So Frankie & I (that’d be Angela) did a whirlwind tour of Qinzhou, her home city on the Gulf of Tonkin. It’s not exactly a tourist hotspot, so getting there–via taxi, airplane, shuttle bus, and more taxi–was half the, um, fun. She was ambivalent about the whole enterprise, but as a slavish follower of adoptive-parents-advice books I felt that we should re-visit her orphanage and “finding place.” To make it festive I squelched my miserly impulses and booked a room at the fanciest hotel in town: the White Dolphin. It was, as expected, something of a gilded Motel 6 (i.e. “breakfast buffet” consisting of leftovers from last night’s dinner buffet; gold faucets but no reliable hot water, etc.). But we had fun, and there was a very cold pool which was refreshing after hours in the tropical heat.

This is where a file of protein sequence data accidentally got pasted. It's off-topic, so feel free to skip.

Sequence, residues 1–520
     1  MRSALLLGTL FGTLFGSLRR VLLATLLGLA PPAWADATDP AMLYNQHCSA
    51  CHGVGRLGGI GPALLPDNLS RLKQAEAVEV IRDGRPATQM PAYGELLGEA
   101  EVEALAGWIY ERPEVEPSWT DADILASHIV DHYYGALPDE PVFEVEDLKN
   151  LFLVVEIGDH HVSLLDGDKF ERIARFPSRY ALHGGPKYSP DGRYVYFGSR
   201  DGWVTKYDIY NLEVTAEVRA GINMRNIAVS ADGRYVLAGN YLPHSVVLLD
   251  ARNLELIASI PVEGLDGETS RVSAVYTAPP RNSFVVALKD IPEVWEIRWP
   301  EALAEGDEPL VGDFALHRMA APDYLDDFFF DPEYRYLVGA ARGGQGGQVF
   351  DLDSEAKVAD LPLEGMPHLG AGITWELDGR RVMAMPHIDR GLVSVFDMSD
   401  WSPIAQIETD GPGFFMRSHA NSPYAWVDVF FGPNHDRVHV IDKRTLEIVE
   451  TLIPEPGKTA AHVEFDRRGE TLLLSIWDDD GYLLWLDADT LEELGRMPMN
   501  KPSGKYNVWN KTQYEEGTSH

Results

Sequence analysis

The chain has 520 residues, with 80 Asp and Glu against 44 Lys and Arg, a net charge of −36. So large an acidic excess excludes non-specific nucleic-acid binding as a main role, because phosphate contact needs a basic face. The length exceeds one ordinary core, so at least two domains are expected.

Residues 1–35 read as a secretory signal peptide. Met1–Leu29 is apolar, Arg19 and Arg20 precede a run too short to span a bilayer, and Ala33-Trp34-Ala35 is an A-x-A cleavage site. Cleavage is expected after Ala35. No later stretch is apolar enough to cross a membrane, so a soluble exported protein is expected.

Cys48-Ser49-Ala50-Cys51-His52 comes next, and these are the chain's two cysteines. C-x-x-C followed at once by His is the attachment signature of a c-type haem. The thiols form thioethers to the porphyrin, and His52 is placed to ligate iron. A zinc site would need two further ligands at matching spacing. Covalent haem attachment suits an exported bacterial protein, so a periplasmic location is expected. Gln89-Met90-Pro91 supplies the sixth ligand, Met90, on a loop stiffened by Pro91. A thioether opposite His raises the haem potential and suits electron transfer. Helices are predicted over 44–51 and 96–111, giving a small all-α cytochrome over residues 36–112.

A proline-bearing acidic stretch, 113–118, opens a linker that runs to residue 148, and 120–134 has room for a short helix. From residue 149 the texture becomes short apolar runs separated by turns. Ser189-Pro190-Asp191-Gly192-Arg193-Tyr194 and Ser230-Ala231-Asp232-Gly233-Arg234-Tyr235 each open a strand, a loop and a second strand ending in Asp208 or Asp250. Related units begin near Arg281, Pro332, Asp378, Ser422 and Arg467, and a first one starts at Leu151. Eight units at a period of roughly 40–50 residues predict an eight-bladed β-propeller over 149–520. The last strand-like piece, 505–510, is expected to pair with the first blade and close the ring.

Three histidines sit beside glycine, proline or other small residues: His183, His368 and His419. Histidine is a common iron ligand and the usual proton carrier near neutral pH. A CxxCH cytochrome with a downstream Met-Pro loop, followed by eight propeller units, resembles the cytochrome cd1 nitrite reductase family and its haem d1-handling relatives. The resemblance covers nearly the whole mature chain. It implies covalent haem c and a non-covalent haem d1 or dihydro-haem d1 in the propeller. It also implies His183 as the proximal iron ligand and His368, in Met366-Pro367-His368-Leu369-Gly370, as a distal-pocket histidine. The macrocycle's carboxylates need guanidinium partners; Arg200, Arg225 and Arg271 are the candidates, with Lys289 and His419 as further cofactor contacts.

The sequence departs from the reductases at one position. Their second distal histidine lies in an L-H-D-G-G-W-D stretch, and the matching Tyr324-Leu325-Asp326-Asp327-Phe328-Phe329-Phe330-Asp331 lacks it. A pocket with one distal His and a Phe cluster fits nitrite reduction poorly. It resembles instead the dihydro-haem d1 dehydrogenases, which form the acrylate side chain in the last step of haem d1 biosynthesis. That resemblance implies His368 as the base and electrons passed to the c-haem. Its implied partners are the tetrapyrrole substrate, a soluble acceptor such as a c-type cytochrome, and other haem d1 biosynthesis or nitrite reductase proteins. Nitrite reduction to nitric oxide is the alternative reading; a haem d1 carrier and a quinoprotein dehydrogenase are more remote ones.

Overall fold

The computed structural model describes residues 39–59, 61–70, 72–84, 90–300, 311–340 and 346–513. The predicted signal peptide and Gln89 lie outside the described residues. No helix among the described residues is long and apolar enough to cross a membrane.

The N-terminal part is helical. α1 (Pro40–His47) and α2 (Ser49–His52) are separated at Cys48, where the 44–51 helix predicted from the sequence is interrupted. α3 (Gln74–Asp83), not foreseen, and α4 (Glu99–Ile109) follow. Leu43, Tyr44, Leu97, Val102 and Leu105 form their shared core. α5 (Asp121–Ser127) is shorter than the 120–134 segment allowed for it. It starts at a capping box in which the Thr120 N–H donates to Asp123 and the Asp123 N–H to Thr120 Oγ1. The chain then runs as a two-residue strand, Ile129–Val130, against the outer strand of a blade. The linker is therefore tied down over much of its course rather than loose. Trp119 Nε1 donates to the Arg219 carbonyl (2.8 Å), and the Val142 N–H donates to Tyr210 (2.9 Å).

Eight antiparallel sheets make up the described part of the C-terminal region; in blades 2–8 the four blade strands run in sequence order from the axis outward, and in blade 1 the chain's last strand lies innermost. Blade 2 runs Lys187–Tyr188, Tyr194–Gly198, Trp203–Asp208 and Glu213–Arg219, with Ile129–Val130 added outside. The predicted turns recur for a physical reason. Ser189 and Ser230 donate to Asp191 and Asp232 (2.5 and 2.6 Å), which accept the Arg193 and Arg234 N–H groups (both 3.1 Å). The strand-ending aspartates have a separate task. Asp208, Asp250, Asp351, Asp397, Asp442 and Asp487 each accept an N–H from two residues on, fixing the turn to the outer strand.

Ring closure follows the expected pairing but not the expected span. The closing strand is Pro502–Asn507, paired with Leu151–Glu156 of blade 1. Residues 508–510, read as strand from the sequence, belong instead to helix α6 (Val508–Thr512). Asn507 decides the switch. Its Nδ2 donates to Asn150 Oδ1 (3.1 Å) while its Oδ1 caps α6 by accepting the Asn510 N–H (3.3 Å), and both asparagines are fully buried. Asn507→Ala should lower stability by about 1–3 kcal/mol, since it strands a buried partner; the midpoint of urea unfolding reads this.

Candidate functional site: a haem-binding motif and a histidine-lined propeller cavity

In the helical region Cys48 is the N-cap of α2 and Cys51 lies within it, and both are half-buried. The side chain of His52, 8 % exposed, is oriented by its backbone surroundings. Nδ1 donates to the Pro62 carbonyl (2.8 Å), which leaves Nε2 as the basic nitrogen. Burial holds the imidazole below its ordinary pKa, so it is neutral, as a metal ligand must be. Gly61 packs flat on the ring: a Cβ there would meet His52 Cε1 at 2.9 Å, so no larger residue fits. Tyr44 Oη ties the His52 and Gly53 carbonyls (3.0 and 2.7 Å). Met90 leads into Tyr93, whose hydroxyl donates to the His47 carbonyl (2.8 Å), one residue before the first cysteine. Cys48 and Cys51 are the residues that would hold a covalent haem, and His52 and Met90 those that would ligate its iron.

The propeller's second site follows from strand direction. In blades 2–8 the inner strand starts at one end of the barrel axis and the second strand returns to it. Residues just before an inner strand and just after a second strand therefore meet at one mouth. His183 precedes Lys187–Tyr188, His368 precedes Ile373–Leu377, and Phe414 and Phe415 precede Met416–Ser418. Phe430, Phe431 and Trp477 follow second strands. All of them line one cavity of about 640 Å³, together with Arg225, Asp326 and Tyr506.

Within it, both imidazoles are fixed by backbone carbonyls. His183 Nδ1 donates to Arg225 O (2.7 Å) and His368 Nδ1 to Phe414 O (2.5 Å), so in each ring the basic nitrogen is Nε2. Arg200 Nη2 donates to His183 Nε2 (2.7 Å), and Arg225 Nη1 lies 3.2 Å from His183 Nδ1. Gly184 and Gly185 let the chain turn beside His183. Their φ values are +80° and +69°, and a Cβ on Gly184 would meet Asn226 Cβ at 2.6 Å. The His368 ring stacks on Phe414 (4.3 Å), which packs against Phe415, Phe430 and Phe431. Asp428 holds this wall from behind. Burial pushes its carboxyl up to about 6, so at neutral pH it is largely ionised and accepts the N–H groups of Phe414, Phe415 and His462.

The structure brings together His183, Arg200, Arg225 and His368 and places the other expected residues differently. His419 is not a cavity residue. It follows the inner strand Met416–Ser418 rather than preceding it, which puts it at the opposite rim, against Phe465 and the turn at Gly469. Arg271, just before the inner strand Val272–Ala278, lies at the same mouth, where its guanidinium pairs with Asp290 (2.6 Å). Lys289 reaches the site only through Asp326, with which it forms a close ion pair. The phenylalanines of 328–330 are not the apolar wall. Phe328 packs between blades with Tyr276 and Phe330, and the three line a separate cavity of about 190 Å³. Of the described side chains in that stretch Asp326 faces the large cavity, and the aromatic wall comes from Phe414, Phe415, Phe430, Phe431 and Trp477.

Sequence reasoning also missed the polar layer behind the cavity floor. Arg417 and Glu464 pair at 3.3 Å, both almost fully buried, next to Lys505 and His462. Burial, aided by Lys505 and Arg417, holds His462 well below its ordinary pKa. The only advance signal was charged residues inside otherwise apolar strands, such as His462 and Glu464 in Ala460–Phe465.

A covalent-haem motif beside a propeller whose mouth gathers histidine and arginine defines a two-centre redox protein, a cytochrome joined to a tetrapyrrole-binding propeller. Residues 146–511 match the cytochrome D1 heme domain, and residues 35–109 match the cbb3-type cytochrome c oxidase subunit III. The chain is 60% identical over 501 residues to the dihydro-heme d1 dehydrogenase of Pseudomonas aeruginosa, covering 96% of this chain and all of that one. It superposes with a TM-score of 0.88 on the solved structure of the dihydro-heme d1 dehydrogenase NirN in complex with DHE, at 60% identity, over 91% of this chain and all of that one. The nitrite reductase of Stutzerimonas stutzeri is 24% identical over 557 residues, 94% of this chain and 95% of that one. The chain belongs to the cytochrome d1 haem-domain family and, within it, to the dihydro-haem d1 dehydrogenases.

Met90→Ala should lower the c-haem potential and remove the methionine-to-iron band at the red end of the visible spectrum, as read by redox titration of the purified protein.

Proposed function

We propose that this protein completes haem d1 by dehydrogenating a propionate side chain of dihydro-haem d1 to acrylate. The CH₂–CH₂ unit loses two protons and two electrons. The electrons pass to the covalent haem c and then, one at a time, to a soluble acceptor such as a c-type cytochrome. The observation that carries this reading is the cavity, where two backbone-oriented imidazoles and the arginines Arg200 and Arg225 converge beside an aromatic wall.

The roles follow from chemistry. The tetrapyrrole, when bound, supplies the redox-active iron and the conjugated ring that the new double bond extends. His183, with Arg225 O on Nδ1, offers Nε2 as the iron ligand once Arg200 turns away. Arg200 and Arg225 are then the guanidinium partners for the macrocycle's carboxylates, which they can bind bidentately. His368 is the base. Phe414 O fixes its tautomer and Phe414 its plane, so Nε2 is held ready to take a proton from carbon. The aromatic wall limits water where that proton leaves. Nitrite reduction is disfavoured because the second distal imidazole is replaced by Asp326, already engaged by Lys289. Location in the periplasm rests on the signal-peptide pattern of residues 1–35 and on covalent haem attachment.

Qinzhou is a small city with a very Vietnamese flavor; people are not as open as in Xiamen, although their reticence is, I think, mostly because no one speaks English. The traffic is hypnotic, nonstop, and trance-like. The orphanage turned out to be just down the street from our hotel, so we were able to take pictures in front of the courtyard, although we did not try to go in. To my relief it seemed okay-pleasant, crowded with worker bicycles and decorated with red paper lanterns.

Frankie’s “finding place,” near the gate of Qinzhou University, was part of a small, leafy campus. We wandered briefly through the searing heat, before beating it back into the city where we ate a shamelessly American lunch at McDonald’s. That evening, Frankie met a chubby little Chinese girl in a polka-dotted bikini who turned out to speak impeccable, if foul-mouthed, British boarding-school English; everything was “bloody hell” this and that. They had fun swimming until they turned to prunes.

Overall, it was a fine trip, though I probably violated a lot of adoptive parent heritage trip rules. Time to put away the advice books, I guess.